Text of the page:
Askanesthetician's Blog

An esthetician explores skincare issues and concerns

Wrinkles and Pimples At The Same Time: Solutions May 5, 2014

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This post was inspired by something I saw on Facebook.  The reality for many women is just as they start to see wrinkles on their skin (perhaps around the eyes or on the forehead for example) they still get an occasional pimple.  This can be both frustrating and confusing.  Yet it isn’t so difficult to find one solution for both skincare issues.

I would like to point out that the skincare phenomena I am writing about here is not adult acne.  While adult acne is definitely on the rise, I am referring here to people who are probably in their late 30s, early 40s and are starting to see the emergence of fine lines while still occasionally experiencing breakouts (for women perhaps around the time they get their period).  This is also different from women who are undergoing menopause and find that they are all of a sudden breaking out.  I’ve blogged about both adult acne and menopause’s effects on the skin in the past.  Those posts are listed below if you would like to look at them.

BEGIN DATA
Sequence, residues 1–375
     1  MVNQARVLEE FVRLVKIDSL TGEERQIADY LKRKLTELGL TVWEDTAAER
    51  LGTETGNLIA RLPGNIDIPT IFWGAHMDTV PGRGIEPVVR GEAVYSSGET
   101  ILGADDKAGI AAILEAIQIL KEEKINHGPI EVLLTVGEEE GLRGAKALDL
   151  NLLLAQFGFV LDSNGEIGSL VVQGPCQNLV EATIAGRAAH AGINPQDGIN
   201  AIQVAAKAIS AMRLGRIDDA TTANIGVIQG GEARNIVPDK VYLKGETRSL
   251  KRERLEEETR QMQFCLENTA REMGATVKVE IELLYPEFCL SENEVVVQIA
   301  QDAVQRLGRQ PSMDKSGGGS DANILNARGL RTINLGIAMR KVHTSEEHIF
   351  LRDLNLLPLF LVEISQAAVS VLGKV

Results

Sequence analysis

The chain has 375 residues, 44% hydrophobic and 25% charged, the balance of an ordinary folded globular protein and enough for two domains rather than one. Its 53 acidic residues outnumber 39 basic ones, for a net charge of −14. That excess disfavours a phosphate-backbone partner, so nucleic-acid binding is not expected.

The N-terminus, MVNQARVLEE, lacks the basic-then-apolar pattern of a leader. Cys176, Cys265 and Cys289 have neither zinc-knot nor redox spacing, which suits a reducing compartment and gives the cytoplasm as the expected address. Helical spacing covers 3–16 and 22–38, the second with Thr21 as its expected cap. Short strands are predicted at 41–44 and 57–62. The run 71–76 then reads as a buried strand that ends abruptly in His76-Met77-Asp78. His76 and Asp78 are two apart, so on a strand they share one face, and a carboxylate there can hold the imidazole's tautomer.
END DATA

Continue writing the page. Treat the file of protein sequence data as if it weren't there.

In my opinion what is happening here is simple: you are starting to see fine lines because sun damage from years before is now becoming visible, and you are still experiencing an occasional breakout because of your hormones (especially those related to your period) and/or stress.  Just as I see the cause of this skincare issue as fairly straightforward so is, in my opinion, the solution: add a retinol cream to your skincare regime at night, make sure you use sunscreen daily, and use an antioxidant serum every day.  Be sure not to go overboard in order to improve the appearance of your skin.  Do not start using anti-acne products meant for teenagers such as Stridex or Clean & Clear.  These products will be much too harsh for pretty much anyone who isn’t a teenager anymore.